Besides being an amazing musician, Sigurlaug Gisladóttir, widely known as Mr. Silla, is also a very cheerful, talkative and positive person. After her concert at Cracovian Klub Alchemia I asked her a few questions concencerning mostly music and inspiration.
Do you find inspiration in travelling?
Mr. Silla: Travelling? Oh, I see. I thought you said troubling (laughs). I think travelling is one of the most inspiring things for me. When I tour a lot, I love coming home and working from thoughts and experiences. And troubling is a whole different thing. I wouldn’t say I was troubling. Trouble part comes with to express what is inspiring.
What is the most exciting in being a musician?
Mr. Silla: Well, for me it is being on stage, because I really enjoy that and it is also really fun to explore. You search for new sounds. It is also very exciting to me.
I really admire people who can go on stage and perform just like that.
Mr. Silla I think I just was kind of born with it somehow, I just could do it from when I was very young. I was very shy when I was younger, but then when I was around a teenager I started really loving it.
What is the greatest asset of playing solo?
Mr. Silla: Money (laughs). I really enjoy playing in bands, but it’s really nice, when we aren’t entitled to play together, we can travel a lot easier cause there’s just the two of us. We can do shows that are maybe more low-budget and stuff. So you get to travel more, and meet more people and it’s really lovely. That’s kind of good for being a small band.
After almost two years since your debut came out what do you remember most vividly of the recording process?
Mr. Silla: That I was recording in London and I guess it is because I had a few friends that were living in London at the time and sometimes after half a day of recording they would come and would get drunk in the studio and listen to it. It was something so new about it, so nice to share it with your friends. It made me feel very good and confident and moving forward, that friend moments in the studio. But the whole process was very good for me, working with my best friends like Mike Lindsay.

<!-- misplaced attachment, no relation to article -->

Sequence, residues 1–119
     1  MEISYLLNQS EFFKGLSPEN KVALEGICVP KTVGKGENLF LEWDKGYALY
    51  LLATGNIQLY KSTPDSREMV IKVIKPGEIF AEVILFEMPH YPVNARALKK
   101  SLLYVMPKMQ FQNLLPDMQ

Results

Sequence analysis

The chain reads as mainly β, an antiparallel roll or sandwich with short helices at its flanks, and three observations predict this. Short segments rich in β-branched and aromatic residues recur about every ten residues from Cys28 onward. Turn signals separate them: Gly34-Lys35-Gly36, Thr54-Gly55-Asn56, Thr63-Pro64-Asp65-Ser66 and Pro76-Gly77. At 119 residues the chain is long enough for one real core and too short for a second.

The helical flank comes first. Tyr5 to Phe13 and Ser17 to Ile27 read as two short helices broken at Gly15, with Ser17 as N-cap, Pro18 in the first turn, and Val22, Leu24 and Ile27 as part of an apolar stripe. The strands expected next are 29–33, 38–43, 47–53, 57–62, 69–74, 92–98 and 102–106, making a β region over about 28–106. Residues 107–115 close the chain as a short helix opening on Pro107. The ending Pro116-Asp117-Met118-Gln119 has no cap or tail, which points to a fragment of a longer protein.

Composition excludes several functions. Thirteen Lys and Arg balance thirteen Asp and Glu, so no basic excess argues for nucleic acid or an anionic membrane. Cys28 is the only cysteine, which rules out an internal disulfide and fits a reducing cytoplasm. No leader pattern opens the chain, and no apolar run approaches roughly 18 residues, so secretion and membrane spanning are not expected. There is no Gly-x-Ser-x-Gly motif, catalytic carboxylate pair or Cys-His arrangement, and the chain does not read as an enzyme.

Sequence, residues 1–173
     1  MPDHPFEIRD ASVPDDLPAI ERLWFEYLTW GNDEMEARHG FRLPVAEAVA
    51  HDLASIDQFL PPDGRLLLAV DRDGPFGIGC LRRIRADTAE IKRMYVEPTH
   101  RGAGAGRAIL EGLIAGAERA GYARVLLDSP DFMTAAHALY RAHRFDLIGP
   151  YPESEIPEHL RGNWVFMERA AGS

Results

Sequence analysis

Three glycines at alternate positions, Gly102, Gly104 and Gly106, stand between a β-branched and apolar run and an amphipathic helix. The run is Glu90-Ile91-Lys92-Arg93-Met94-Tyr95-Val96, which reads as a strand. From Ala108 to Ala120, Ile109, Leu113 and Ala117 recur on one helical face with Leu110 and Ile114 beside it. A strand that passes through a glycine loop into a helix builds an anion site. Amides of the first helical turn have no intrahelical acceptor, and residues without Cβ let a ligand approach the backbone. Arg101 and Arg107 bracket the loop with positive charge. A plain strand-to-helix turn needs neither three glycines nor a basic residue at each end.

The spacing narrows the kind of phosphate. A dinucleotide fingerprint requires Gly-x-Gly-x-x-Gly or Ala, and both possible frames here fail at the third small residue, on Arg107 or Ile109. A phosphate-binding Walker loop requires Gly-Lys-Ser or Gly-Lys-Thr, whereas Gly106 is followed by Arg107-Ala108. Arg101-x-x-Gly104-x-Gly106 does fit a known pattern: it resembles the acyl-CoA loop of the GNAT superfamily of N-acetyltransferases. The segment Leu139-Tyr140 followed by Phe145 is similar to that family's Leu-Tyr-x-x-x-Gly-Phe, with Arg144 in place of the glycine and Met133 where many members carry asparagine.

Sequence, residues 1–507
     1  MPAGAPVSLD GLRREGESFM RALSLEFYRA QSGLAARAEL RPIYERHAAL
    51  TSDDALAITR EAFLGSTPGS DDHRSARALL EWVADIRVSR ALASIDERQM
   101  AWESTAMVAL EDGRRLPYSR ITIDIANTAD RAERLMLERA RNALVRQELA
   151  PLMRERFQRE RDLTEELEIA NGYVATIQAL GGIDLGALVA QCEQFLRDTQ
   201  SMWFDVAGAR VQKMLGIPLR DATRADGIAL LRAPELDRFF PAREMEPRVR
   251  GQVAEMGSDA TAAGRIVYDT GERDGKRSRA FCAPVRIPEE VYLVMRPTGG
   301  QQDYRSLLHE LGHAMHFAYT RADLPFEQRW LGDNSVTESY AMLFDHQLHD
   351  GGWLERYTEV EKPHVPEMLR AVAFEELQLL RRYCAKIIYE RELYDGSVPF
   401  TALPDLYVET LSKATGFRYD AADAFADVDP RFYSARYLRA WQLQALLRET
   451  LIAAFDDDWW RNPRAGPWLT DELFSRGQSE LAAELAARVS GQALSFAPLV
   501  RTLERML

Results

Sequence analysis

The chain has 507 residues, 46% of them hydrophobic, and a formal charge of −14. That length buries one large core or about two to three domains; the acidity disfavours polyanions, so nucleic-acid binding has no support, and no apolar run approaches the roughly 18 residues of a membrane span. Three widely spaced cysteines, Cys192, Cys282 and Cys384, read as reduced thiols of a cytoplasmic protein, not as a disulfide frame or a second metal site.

Would you change something about the record if you could?
Mr. Silla: Absolutely not! It should always stay as it is. It’s its own kid. You can’t change it later. You can enjoy performing differently, but you just move on, you make new music. No regrets.
How did this happen that you put so many emotions into your songs?
Mr. Silla: I don’t really know how to answer it. It was very natural. It just came out this way, I didn’t really think about it a lot. I was kind of lucky in that way on this record. I didn’t made it. It wasn’t calculated or planned, I just came out.
You and SALK have that in common.
Mr. Silla: Yeah! Absolutely.
So you are currently working on your second solo album. Did something funny or worth remembering happened already along the way?
Mr. Silla: There was one synthesizer, old Russian synthesizer that only worked on one song and everytime we wanted to use it for other songs it just worked for half an hour, for recording the one bit in one song and then it just would never do it if we wanted to after that.
Does the push of music industry toward global streaming services bother you?
Mr. Silla: No, not at all. More people can hear the music! It’s a wonderful thing! You can still make something special, it just doesn’t look the same and that’s fine to me. It’s ok that things change. The platform is just bigger. You can make incredible video art and that’s ok. It stands on its own. And you can also just release songs.. it’s basically opening up the way of releasing music. It doesn’t have to be confined to the length of the CD or the LP, That’s fun. You can make an 15 hour record if you wanted to. Or you can just release three songs and that’s valued as a release as well, so I think it’s great. With this record I did not promote it in Mexico, but apparently there’s like a million hits on my songs on Spotify. All in Mexico! I don’t know why! It’s wonderful, it would have never happened before!
It’s a big topic to discuss, especially because many artists are against such services.
Mr. Silla: It’s been a while since artists got paid in the way that they used to. It’s not like it would happen overnight. It’s not all because of the Internet. You can mope about it, get sad or you can work on changing it to a place where it works in a better way. You figure it out. You can’t just be sad or upset at home. Nobody cares about that (laughs). Find your ways to be creative and about how you make the money. And people are very much close to the artists, especially with crowdfunding and all those options. If you like an artist you can specifically pay for their stuff and you feel like you’re being a part of the creation. I think that’s a really nice outcome of what has happened. It’s hard, of course, but I still like it. I don’t mind it, and it gets excited.
Would you recommend it to young talented but still underground musicians?
Mr. Silla: Absolutely! Just make it available. All of it is a bit abstract cause it’s all about PR.. but for sure, make your music available.
Does the nature and your surrounding inspires you?
Mr. Silla: For sure. Also If you are alone, in the nature, in Iceland for example. That’s exciting and that can be superinspiring.
You live in Berlin now. Does the city and it’s atmosphere is inspirational for an artist?
Mr. Silla: Yeah, there’s a lot of amazing young artists living there now because it’s relatively cheap comparing to all the other big cities. There is really nice and inspiring art scene. And I think also, the city just doesn’t give a shit, which is good. You just got to do your thing, nobody’s there bothered by you. And the club scene is superinspiring too, because it’s like a new world to me.